Our overly-large school district has completed two weeks of the new academic year, opening with the very positive “Returning Strong” as the official PR department slogan. The superintendent’s many email messages emphasize that all will be normal (sorta), with everyone in-person, five days a week.
I suppose there is some justification for that optimism.
The Northern Virginia area has a relatively high percentage of people fully vaccinated, including teenagers. The system is also requiring all employees to get the shots (or submit to regular testing). Plus, masks are mandatory in the buildings and student athletes must be vaccinated.
But even with all those requirements and the relatively favorable trends, the virus still looms large over everything happening inside and outside of classrooms.
The vaccine isn’t yet available for elementary-age kids, and we’ve watched other parts of the country where COVID cases are still rising and some schools have already had to close.
Plus, even in this solidly blue part of Virginia, we still have a small core of noisy anti-vaxxer, anti-mask, conspiracy-spreading nut jobs working hard to prolong the misery in the name of “freedom”.
However, even with the pandemic fall is still my favorite season. Besides hating summer and the feeling of relief that comes with it’s end,1 I always fondly anticipated the start of a new school year with a mix of optimism and apprehension. A time when I have an opportunity to improve my practice and do better for my new students, while working hard to quickly learn about all 150 (or more) of them.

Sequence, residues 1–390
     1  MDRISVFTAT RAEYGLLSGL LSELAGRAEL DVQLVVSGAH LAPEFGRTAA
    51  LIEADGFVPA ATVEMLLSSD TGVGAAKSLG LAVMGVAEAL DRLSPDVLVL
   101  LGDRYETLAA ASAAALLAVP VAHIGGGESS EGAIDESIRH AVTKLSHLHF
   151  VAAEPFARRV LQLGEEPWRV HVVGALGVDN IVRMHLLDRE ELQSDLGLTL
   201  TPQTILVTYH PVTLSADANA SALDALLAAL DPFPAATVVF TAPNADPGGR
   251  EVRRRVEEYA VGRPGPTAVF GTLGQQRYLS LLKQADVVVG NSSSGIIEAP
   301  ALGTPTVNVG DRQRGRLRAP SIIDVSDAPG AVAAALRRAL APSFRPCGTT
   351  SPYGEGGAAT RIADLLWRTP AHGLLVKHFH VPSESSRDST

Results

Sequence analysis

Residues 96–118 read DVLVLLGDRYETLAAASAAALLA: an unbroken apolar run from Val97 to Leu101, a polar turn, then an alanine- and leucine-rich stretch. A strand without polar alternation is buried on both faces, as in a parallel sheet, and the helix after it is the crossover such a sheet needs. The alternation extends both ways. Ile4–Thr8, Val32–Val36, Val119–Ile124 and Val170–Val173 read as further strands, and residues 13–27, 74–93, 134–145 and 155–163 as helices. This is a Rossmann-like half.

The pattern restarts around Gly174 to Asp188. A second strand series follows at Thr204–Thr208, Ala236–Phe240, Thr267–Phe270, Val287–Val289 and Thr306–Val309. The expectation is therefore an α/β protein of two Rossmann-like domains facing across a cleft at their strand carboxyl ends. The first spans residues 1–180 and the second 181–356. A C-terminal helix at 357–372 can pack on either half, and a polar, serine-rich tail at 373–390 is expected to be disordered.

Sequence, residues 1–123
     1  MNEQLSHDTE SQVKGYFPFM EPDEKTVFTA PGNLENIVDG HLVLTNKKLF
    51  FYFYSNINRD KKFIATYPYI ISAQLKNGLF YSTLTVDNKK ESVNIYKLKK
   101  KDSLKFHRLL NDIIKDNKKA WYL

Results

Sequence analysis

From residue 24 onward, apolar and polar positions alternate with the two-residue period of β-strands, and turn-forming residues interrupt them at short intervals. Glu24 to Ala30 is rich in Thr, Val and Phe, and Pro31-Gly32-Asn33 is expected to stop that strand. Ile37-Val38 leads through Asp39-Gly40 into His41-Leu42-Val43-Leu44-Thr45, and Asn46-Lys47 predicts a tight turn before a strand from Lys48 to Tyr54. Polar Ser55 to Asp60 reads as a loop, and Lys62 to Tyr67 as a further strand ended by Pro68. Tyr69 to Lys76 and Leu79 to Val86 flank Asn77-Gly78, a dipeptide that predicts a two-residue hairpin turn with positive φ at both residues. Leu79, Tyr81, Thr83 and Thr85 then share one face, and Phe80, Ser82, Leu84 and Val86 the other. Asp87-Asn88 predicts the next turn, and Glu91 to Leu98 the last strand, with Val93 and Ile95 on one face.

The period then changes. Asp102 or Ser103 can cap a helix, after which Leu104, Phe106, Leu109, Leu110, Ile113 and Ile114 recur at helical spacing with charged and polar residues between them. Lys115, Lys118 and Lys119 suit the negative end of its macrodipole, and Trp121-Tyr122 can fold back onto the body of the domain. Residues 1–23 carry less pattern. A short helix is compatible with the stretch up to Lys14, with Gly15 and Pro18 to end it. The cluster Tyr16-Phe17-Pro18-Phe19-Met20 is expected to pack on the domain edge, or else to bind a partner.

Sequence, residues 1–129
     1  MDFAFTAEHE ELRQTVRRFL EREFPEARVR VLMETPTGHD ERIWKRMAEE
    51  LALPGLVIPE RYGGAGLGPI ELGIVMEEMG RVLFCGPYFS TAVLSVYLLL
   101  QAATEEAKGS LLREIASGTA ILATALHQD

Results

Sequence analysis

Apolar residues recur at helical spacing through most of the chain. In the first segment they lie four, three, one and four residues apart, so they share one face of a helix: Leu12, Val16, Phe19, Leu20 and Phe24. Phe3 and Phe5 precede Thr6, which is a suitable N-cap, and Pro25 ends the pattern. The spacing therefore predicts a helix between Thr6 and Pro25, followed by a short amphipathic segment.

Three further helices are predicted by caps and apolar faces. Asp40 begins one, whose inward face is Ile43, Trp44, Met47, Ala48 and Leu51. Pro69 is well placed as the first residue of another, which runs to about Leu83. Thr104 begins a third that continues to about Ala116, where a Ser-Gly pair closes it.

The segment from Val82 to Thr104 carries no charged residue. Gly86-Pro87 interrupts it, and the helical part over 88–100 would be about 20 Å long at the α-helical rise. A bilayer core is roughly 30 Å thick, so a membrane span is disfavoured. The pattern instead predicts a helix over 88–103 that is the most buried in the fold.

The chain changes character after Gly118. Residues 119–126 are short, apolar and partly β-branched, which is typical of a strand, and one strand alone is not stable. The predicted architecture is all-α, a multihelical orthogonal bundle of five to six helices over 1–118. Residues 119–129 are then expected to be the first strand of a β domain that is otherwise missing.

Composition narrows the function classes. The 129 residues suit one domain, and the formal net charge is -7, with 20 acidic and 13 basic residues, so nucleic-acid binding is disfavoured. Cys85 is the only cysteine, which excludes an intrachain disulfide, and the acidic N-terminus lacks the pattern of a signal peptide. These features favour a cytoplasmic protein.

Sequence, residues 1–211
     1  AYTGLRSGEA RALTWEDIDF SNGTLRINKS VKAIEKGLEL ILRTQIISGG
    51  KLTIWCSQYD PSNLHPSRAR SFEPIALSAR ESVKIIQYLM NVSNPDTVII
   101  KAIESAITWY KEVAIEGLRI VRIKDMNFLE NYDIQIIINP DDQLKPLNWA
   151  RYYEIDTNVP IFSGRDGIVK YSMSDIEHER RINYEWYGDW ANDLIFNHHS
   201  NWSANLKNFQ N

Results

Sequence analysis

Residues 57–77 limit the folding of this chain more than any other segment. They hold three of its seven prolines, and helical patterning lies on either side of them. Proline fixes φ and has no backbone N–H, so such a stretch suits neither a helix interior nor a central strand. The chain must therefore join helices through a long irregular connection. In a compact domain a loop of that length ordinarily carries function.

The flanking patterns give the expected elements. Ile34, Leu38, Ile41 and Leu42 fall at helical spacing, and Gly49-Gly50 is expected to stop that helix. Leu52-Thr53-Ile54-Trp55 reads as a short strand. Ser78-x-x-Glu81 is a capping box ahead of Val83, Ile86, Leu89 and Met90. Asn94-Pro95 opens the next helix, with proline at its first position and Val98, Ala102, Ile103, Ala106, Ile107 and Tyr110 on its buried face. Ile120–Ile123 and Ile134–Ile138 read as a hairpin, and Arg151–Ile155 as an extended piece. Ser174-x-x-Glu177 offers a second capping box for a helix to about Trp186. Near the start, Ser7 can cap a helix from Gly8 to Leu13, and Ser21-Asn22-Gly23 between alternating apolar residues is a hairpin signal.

Anyway, based on what I hear from friends, former colleagues, family, and neighbors, those feelings are heightened this year, and mixed with large doses of nervousness, uncertainty, and a little fear.
After all, this is the third school year that will be heavily impacted by the pandemic. Those kids who the super says are “returning strong” have been under a great deal of emotional stress for going on 18 months now and sitting in classrooms while masked can’t be easy. And their teachers have a large collection of stresses of their own, both at school and home, to deal with.
So, let’s hope for the best as this school year moves cautiously forward. We should be celebrating this season of new beginnings and great possibilities, instead of the many other worries that are currently getting in the way.
At the elementary school around the corner, someone (probably the PTA) erected a display to celebrate the re-opening of physical school.
1. I should write an explanatory rant about that sometime.